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GUEST COLUMN: Small Business Tools Encourage Economic Development

By State Sen. Randy Head (R – Logansport)

With the national economic downturn, businesses and households alike reexamined their finances to adjust to the challenging times. Small businesses seemed to be hit the hardest, and some were forced to close their doors.

In light of the recession, Indiana has renewed and revamped its ongoing efforts to spur economic growth. Following new legislation aimed at promoting job creation and business development, Indiana was named Best in the Midwest in Area Development magazine’s “Top States for Doing Business in 2011.” Our low corporate income and property tax rates, pro-jobs tax credits, right-to-work status and AAA credit rating all work together to attract companies to the area. Indiana also has no inventory tax rate and the nation’s second largest motor vehicle industry, and the state ranks second in the U.S. for foreign direct investment per capita.

To further boost job creation in Indiana, several organizations have created a variety of tools to assist growing companies and prospective employers. Small businesses are the beginning of every great industry, and encouraging their development is crucial to seeing our economy flourish.

The Indiana Small Business Development Center (ISBDC) currently offers a variety of online tools and resources for entrepreneurs to learn how to start and manage companies. Additionally, there are local offices that assist entrepreneurs face-to-face and host events throughout the year. According to its website, the ISBDC helped clients create approximately 2,098 jobs, start 266 businesses and increase sales by $53 million in 2011.

As part of its mission, ISBDC frequently partners with private employers. One such partner, Google, recently launched Indiana Get Your Business Online, providing small businesses with free website building training, tools and resources. According to Google, 53 percent of small businesses in Indiana do not have a website, but 97 percent of consumers look online for information on local products and services. By creating a platform for small businesses to form an online presence, Indiana Get Your Business Online encourages economic growth and connects customers to new companies.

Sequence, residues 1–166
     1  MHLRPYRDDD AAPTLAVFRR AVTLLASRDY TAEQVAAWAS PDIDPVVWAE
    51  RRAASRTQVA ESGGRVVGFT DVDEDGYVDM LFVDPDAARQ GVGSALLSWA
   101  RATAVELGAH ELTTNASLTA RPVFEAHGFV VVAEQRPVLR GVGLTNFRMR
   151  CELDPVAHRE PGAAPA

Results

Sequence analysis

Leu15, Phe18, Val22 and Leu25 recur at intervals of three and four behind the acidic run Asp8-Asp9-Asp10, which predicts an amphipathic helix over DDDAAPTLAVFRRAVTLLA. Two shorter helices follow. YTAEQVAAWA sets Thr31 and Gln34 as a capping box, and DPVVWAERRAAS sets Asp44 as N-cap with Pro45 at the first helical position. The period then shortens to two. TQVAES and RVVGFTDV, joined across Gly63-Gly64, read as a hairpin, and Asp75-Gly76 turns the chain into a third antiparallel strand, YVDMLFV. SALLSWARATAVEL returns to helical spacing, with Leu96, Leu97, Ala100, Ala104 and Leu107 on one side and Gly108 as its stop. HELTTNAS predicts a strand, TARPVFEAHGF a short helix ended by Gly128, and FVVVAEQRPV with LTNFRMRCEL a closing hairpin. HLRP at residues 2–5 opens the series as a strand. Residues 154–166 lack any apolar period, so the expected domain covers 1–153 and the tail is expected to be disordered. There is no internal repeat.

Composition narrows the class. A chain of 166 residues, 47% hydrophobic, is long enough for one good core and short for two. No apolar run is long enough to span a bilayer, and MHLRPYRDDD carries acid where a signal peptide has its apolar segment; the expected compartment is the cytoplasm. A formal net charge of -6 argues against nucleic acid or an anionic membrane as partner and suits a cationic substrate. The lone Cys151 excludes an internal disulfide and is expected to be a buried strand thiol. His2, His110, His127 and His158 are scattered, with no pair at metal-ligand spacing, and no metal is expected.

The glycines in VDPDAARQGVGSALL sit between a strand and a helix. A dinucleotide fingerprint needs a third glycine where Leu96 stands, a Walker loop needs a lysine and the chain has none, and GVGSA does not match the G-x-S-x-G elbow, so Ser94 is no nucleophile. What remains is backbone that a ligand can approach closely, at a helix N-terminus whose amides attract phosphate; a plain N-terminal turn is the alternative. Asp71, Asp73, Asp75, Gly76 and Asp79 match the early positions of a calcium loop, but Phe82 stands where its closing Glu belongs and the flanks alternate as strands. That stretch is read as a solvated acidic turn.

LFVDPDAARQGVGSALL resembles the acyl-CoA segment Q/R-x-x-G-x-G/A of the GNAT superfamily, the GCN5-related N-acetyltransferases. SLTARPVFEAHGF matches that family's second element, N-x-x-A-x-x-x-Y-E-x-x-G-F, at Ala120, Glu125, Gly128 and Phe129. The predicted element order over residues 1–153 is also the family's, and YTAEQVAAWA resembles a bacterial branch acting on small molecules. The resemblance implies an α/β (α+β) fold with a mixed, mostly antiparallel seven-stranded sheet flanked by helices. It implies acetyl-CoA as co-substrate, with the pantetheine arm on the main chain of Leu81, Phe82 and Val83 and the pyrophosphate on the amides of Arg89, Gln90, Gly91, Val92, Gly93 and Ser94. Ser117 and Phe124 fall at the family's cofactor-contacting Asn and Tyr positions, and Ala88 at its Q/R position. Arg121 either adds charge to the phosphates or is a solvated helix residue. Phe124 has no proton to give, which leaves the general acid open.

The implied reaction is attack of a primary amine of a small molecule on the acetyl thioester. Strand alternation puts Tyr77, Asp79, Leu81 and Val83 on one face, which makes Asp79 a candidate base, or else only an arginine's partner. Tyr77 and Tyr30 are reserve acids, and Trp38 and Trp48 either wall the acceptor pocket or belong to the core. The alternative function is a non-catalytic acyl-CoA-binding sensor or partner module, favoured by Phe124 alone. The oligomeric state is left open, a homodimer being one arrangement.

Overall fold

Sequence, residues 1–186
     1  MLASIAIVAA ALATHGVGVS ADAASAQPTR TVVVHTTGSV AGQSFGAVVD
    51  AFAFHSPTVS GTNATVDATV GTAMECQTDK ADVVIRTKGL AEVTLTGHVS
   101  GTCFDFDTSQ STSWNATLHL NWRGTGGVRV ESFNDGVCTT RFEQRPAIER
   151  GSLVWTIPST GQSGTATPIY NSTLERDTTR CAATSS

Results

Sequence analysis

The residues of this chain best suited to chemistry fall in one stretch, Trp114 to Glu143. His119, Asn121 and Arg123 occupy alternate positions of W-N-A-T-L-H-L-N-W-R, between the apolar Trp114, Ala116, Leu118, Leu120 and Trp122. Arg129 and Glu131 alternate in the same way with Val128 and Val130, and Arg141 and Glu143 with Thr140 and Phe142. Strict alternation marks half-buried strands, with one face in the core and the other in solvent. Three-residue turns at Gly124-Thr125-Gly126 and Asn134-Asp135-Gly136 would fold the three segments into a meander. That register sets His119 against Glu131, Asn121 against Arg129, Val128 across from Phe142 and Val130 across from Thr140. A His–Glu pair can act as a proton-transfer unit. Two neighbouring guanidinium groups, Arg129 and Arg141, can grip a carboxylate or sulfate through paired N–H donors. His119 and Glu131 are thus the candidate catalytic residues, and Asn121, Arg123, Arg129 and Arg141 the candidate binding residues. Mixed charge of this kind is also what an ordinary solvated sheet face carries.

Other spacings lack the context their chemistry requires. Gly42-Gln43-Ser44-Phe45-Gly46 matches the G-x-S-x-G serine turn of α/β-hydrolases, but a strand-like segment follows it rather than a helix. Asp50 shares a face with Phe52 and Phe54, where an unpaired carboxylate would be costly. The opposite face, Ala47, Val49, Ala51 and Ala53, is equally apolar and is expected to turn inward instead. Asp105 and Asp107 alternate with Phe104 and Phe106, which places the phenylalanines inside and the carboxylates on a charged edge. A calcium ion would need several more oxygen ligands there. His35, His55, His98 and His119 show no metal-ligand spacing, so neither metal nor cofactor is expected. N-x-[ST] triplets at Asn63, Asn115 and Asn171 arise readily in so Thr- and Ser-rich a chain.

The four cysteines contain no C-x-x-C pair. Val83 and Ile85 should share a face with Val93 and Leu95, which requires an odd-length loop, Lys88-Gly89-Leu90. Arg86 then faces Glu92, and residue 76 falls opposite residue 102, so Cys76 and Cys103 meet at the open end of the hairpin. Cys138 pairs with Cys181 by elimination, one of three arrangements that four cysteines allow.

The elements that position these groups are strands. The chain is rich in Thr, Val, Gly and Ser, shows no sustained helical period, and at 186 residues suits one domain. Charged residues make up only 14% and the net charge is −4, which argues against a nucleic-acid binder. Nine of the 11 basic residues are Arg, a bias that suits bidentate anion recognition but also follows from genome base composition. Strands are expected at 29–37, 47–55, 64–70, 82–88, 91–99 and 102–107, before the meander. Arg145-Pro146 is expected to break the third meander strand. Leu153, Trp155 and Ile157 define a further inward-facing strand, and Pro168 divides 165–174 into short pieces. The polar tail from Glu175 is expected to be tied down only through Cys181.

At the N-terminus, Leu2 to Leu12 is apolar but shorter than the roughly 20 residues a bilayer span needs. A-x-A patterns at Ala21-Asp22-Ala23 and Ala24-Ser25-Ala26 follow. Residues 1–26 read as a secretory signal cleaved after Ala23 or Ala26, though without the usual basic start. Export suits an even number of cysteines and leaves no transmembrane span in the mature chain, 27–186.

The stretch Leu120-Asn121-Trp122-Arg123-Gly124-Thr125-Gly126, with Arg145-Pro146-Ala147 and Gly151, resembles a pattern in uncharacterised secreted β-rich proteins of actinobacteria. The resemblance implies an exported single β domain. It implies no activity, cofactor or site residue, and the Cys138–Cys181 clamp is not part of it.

The Indiana Economic Development Corporation (IEDC) is another organization committed to assisting local employers. One of the IEDC’s most important initiatives is the Young Entrepreneur Program, created by the General Assembly in 2011 to assist new employers in making their business plans a reality. The IEDC works with local governments to provide incentives for selected young entrepreneurs with outstanding business plans, including free rent, grants, loans and utility support. In turn, young entrepreneurs agree to locate their business in the community and remain there for a specified length of time. Eligible applicants for this program are either current college students or alumni who have graduated within the last three years. This program not only encourages economic development through new businesses but also provides a channel for young people to carry out their professional goals.

The IEDC also provides the Skills Enhancement Fund (SEF) for businesses committed to training their workforce. SEF reimburses training expenses over a two-year term, allowing employers with new capital investments to create and retain jobs in Indiana. Given that small businesses start from scratch when they open up shop, SEF provides new companies with more room to grow and prosper, even in difficult economic times.

With the numerous resources Indiana provides business owners, I am confident our state will continue to see positive economic development. I encourage small business owners to take advantage of these resources to create a strong foundation for commercial development. The future of Indiana’s economy will depend on how we support our growing industries, and I look forward to pushing for new legislation to do that during the upcoming legislative session.